Independent lawmakers explain why they abstain from voting on climate change bill

The independent lawmaker explained why she abstained from voting, saying the climate change bill lacked detail and didn’t account for the economic impact on low-income communities.

This came through Congress less than a week after the climate change bill was first introduced, by 89 to 55 votes.

Dai Lee, who defeated prominent Labor Senator Christina Keneally to claim the Fowler seat in Western Sydney, said on 3 August that she “cannot justify voting in favor of a bill that hastily passed parliament”. He tweeted that he abstained from voting.

Lee said lawmakers need to make “informed and informed choices.” This means understanding the consequences of the bill.

“As it stands, the law lacks detail, which means there is no certainty about electricity prices, and no certainty about how it will be achieved,” she said. media statement.

solar panel
Solar panels on the roof of AGL’s new Docklands office in Melbourne, Australia, August 20, 2015. (Scott Barbour/Getty Images)

The Vietnam-born lawmaker added that while supporting a cleaner and greener environment, he sees economic relief as an emergency, rather than current climate change bills.

“Australian families are facing a real emergency right now and we need to focus on low-income families struggling with soaring food, fuel and energy costs,” she said.

“The median household income of my voters is 20% less than the rest of Australia. We need a solution now.”

Will promoting renewable energy benefit low-income communities?

The 14-page Climate Change Bill sets a minimum emission reduction target of 43% by 2030 and net zero by 2050. It was largely opposed by the coalition, but was supported by the left-wing Green Party, which originally proposed it. Raise emissions targets to 75% by 2030 and net zero by 2035.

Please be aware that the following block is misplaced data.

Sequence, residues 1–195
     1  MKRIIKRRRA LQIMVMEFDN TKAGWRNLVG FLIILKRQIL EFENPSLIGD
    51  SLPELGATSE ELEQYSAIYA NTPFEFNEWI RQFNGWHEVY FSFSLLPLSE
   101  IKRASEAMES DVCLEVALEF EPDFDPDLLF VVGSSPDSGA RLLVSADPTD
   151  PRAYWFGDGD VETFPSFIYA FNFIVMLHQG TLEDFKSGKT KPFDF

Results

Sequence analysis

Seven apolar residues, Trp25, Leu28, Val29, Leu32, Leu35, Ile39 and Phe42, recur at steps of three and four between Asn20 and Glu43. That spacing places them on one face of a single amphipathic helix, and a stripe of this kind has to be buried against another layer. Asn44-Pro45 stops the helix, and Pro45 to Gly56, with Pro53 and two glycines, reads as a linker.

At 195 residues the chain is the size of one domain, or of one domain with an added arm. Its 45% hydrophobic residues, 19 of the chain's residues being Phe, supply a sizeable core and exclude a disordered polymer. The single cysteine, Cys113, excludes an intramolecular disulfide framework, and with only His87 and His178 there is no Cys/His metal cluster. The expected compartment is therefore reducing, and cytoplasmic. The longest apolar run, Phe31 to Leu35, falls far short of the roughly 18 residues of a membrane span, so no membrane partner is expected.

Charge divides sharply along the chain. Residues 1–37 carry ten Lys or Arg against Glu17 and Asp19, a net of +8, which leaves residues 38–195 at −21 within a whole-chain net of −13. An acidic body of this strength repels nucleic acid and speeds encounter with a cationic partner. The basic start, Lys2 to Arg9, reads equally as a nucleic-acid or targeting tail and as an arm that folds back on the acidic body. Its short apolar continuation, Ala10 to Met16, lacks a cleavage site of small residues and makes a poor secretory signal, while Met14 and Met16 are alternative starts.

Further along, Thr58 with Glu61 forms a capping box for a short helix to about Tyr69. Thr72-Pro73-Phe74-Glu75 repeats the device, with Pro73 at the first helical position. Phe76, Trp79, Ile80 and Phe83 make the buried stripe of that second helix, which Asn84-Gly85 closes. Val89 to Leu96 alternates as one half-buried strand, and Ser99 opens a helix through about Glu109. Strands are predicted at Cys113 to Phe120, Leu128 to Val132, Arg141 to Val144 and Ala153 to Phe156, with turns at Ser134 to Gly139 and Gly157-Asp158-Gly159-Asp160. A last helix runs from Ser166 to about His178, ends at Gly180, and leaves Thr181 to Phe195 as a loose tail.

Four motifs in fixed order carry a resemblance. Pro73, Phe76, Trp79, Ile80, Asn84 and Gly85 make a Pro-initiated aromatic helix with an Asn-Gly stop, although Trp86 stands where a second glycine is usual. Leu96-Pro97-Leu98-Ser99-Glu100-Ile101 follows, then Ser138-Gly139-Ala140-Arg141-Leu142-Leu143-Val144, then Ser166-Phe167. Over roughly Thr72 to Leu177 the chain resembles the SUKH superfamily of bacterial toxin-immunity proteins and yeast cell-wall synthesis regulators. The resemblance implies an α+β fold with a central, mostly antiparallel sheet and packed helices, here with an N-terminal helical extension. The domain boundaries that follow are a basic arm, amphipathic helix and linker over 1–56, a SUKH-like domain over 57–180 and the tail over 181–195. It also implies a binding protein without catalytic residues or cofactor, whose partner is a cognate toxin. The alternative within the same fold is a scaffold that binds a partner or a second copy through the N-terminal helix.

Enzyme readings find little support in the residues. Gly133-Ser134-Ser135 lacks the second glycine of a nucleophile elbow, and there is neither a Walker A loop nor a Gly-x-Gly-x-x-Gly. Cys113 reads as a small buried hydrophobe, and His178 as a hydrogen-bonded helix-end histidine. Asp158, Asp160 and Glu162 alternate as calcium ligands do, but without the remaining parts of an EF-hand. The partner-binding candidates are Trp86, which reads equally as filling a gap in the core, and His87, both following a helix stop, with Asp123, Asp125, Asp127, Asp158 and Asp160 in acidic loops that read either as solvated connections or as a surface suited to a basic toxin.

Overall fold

“We are not doing this to try [to] Stop pollution a little.we are trying this [to] Stop climate change from becoming a runaway chain reaction,” said Adam Band, leader of the Green Party.

The bill aims to rewire the electricity grid so that it is primarily powered by renewable energy sources such as solar and wind, while fulfilling Labor’s election promise to increase the penetration of electric vehicles. increase.

Epoch Times photo
The Tesla Model Y electric car on display on the showroom floor in the Miami Design District, Florida, October 21, 2021. (Joe Raedle/Getty Images)

But a Dai Le media spokesperson told The Epoch Times that while there are incentives for renewable energy in principle, in practice, “it takes a lot of thought to implement something like this.” .

The move to renewable energy, for example, means that low-income communities like Western Sydney will have a harder time adapting, she said.

“With solar rebates, a lot of people in our community are renters, so there’s not even an incentive for landlords to put solar panels on their rental homes. Said.

“When it comes to electric cars, at the moment it will take two years for a car to be introduced in Australia. There is a supply problem. It is a very high price for us.”

“Western Sydney has a big manufacturing industry. Why are we talking about importing an electric car that takes two years to get here when we could potentially build it ourselves in Western Sydney? ”

“These two things are not very permeated by everyday Australians.”

Currently 64% of Australia’s energy grid is coal-fired, and the country supplies 60% of the world’s lithium.

Nina Nguyen


Nina Nguyen is a reporter based in Sydney. She covers Australian news with a focus on social, cultural and identity issues. She is fluent in Vietnamese. Please contact her at [email protected]